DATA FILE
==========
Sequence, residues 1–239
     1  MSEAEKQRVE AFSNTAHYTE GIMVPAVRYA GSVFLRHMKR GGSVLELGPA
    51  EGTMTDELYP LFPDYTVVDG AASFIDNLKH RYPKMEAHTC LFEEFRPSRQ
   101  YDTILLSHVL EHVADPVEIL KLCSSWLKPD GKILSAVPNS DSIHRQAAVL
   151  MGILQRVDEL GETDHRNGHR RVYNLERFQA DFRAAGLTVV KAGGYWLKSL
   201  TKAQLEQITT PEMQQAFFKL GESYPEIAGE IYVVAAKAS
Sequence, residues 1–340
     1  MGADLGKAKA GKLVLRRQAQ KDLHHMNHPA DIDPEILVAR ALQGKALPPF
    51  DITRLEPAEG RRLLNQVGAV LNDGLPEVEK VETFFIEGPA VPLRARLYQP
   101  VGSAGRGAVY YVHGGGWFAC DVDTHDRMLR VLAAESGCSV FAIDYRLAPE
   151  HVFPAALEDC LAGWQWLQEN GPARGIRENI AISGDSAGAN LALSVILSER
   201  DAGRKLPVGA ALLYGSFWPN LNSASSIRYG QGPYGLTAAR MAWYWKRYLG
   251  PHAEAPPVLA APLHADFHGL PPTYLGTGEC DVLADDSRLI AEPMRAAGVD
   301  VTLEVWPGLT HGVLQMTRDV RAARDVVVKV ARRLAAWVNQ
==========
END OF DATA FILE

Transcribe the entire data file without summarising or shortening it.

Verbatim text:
Sequence, residues 1–239
     1  MSEAEKQRVE AFSNTAHYTE GIMVPAVRYA GSVFLRHMKR GGSVLELGPA
    51  EGTMTDELYP LFPDYTVVDG AASFIDNLKH RYPKMEAHTC LFEEFRPSRQ
   101  YDTILLSHVL EHVADPVEIL KLCSSWLKPD GKILSAVPNS DSIHRQAAVL
   151  MGILQRVDEL GETDHRNGHR RVYNLERFQA DFRAAGLTVV KAGGYWLKSL
   201  TKAQLEQITT PEMQQAFFKL GESYPEIAGE IYVVAAKAS
Sequence, residues 1–340
     1  MGADLGKAKA GKLVLRRQAQ KDLHHMNHPA DIDPEILVAR ALQGKALPPF
    51  DITRLEPAEG RRLLNQVGAV LNDGLPEVEK VETFFIEGPA VPLRARLYQP
   101  VGSAGRGAVY YVHGGGWFAC DVDTHDRMLR VLAAESGCSV FAIDYRLAPE
   151  HVFPAALEDC LAGWQWLQEN GPARGIRENI AISGDSAGAN LALSVILSER
   201  DAGRKLPVGA ALLYGSFWPN LNSASSIRYG QGPYGLTAAR MAWYWKRYLG
   251  PHAEAPPVLA APLHADFHGL PPTYLGTGEC DVLADDSRLI AEPMRAAGVD
   301  VTLEVWPGLT HGVLQMTRDV RAARDVVVKV ARRLAAWVNQ